text-only page produced automatically by LIFT Text
Transcoder Skip all navigation and go to page contentSkip top navigation and go to directorate navigationSkip top navigation and go to page navigation
National Science Foundation HomeNational Science Foundation - Directorate for Social, Behavioral & Economic Sciences (SBE)
Social, Behavioral & Economic Sciences
design element
SBE Home
About SBE
Funding Opportunities
Awards
News
Events
Discoveries
Publications
Advisory Committee
Career Opportunities
See Additional SBE Resources
View SBE Staff
SBE Organizations
SBE Office of Multidisciplinary Activities (SMA )
National Center for Science and Engineering Statistics (NCSE)
Division of Behavioral and Cognitive Sciences (BCS )
Division of Social and Economic Sciences (SES )
Proposals and Awards
Proposal and Award Policies and Procedures Guide
  Introduction
Proposal Preparation and Submission
bullet Grant Proposal Guide
  bullet Grants.gov Application Guide
Award and Administration
bullet Award and Administration Guide
Award Conditions
Other Types of Proposals
Merit Review
NSF Outreach
Policy Office Website
Additional SBE Resources
Exploring What Makes Us Human
Rebuilding the Mosaic Report
Bringing People Into Focus: How Social, Behavioral & Economic Research Addresses National Challenges
"Youth Violence: What We Need to Know" Report to NSF
Social, Behavioral and Economic Research in the Federal Context Report
Expedited Review of Social and Behavioral Research Activities Report
SBE Advisory Committee Web Site (for members only)


SBE 2020: Submission Detail

ID Number: 267
Title: Understanding the Drivers and Dangers of Academic Status Seeking: Studying the Impacts of Embedded Disciplinary Cultures in a Networked Academy
Lead Author: Harley, Diane
Abstract: The Academy should be alarmed about the growing reliance on the perceived prestige value of journals and university presses as default promotion criteria. This concern is urgent given the trickle down of tenure and promotion requirements from elite research universities to less competitive institutions, and the resulting arms race in scholarly publishing. While the entrenched system of peer review provides a quality filter for busy faculty, the inflationary currency in scholarly publishing is over-burdening faculty referees. Faculty, paid by university salaries, provide their reviews to publishers for free while some publishers continue increasing university subscriptions. The academy needs empirical studies of the entire system of academic reputation and status seeking, where growing challenges to institutional review include assessing interdisciplinary scholarship, new hybrid disciplines, and the rise of heavily computational sub-branches of disciplines. A research agenda that emphasizes data gathering and analyses of peer-review practices in academic promotion and publishing, the use of bibliometrics in promotion and university rankings, and the effectiveness of emergent publishing models, should transect epistemologies of sociology (network analyses, organizational behavior), economics (cost/benefit studies, rational choice theories), psychology, anthropology (ethnographies), political science ( power dynamics, international relations), information science (bibliometrics), statistics, and media studies (media ecologies).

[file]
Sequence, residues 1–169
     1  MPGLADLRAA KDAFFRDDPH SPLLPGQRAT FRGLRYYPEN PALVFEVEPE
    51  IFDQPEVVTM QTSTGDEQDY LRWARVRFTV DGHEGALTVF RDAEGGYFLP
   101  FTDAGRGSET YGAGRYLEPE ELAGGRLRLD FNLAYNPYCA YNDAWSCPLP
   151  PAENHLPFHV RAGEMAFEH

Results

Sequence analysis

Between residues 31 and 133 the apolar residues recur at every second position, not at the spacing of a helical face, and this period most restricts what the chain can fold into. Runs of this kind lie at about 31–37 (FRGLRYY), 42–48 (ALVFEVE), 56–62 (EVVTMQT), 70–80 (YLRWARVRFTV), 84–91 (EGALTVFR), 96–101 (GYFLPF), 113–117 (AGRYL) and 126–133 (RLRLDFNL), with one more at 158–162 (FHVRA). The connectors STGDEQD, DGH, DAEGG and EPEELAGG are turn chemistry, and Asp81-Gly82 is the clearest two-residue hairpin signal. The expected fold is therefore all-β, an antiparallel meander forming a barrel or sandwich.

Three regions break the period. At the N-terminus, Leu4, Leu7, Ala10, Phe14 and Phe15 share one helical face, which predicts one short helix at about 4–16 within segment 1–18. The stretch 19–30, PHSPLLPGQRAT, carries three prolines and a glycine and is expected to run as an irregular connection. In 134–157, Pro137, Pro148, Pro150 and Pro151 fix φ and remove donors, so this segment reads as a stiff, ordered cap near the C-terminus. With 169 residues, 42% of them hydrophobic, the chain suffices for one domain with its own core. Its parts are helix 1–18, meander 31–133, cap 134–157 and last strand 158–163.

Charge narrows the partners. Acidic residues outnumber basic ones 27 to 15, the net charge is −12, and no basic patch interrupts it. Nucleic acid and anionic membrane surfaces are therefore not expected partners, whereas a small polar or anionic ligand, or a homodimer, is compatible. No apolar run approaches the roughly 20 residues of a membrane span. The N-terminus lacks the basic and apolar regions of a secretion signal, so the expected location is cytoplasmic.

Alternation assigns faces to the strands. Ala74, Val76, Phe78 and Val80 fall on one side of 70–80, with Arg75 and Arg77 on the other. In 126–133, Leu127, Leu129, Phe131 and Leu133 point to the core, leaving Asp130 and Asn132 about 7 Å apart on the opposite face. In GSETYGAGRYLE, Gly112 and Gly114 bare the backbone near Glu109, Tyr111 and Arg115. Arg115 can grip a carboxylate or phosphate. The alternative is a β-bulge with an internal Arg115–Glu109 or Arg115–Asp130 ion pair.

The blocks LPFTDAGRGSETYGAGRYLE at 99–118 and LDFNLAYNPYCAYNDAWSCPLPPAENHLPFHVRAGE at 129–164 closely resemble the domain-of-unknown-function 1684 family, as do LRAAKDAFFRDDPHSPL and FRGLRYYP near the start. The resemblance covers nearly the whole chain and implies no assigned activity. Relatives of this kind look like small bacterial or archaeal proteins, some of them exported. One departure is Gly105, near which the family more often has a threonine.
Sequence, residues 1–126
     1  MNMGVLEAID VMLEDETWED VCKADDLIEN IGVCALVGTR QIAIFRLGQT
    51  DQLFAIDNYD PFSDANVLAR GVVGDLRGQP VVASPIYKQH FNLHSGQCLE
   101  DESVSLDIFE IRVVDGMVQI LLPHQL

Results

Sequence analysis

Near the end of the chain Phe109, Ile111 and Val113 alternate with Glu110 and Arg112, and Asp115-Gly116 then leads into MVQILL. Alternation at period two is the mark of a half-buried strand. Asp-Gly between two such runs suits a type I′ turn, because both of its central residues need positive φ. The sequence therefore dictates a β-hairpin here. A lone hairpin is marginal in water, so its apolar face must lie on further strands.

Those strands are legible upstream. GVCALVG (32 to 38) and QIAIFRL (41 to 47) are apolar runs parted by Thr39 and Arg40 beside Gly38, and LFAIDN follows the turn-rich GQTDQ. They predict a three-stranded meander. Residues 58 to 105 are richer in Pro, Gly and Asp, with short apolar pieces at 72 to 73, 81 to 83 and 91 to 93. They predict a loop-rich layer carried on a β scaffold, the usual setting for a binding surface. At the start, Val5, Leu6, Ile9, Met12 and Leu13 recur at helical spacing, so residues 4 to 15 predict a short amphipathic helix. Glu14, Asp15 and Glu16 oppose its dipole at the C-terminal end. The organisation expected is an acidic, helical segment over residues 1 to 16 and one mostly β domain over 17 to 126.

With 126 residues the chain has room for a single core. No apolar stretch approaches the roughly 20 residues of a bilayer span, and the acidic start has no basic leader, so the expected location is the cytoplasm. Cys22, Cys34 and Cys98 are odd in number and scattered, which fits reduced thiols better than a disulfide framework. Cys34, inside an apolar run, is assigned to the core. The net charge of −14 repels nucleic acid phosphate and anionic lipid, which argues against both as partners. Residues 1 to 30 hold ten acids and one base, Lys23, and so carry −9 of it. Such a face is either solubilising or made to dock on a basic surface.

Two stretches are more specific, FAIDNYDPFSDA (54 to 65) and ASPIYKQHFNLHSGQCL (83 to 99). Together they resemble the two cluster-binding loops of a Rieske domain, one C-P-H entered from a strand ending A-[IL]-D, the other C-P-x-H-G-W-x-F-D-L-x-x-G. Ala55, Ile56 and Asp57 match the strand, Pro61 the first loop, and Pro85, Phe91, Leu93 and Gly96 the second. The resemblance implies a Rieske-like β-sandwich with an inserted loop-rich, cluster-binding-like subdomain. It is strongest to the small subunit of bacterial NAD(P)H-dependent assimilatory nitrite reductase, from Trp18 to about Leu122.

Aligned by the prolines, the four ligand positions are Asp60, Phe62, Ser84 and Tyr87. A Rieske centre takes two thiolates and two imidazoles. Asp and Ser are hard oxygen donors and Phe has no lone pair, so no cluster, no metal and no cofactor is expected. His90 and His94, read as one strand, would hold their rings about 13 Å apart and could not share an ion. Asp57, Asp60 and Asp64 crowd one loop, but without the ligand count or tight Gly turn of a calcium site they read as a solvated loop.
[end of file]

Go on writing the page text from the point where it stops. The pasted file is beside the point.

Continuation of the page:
PDF: Harley_Diane_267.pdf

SBE 2020 Home

 

Print this page
Back to Top of page